The analysis of protein structures as a group in generating and retrieving information is useful in various ways. The structural bioinformatics analysis of protein data bank (PDB)  is useful in identifying protein folds [2, 3] and identification of unknown protein functions. The analysis of some of the folds illustrated the packing arrangement of the secondary structural elements and features of various non-bonding interactions prevailed in these folds. This in turn helps in identifying active site residues of proteins of unknown functions. For example, the TIM-barrel fold, which is the most frequently observed fold has majority of members as enzymes and the active-site residues are situated on the loops connecting the β-strands to helices or at the C-terminal end of the parallel β-strands of the barrel . Therefore, for any enzyme having a Tim-barrel fold there is a possibility that the active site may be present at the same position consensus with other Tim-barrel fold enzymes.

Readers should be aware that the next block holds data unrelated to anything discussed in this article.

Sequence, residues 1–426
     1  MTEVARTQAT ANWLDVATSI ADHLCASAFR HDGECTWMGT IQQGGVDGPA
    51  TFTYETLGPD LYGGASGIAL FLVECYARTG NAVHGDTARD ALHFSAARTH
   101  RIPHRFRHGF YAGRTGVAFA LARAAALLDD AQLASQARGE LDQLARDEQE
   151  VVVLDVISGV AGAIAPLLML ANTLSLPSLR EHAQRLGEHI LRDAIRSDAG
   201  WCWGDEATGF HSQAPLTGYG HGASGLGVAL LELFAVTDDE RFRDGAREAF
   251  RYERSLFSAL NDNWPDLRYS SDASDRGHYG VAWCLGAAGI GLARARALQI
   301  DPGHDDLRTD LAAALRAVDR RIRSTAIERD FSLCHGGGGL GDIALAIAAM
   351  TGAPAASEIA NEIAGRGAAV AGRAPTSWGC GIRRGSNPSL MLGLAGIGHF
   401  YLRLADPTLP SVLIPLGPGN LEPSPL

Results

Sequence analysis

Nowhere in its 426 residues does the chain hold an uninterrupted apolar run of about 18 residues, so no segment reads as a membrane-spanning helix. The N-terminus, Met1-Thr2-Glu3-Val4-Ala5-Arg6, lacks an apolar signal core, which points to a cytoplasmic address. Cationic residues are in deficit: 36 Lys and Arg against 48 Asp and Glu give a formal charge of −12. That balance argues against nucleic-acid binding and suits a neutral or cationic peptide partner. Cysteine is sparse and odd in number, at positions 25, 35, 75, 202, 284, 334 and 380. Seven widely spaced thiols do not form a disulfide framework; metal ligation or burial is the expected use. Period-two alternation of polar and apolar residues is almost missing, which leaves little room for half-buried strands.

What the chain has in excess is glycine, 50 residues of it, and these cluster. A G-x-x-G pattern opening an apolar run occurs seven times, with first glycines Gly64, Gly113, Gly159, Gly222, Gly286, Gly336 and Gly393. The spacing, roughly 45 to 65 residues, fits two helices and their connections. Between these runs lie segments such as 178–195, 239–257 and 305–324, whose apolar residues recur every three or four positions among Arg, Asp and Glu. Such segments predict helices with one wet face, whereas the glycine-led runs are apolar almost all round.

Search for SH3-fold and SH3 like folded proteins over various fold classification servers and manual literature search yielded a large number of protein domains. Some of the domains exist as individual proteins and some were part of a multi-domain protein. After superposing the protein domains on each other and through analysis for a common fold architecture we identified two folds, which are common in architecture but differ in topology. Here architecture is defined as immediate apparent similarity in fold irrespective of connectivity and topology is defined as the actual way the secondary structural elements are connected and come together to form a fold. One of the folds is known as OB-fold  and the other is SH3-fold. There are at least 30 proteins/domains classified as adopting these two folds [6–10] and the list is increasing. Although, there are more proteins/domains, which could be classified into one of the two folds, they were not included due to too many deviations from a consensus ensemble of structures.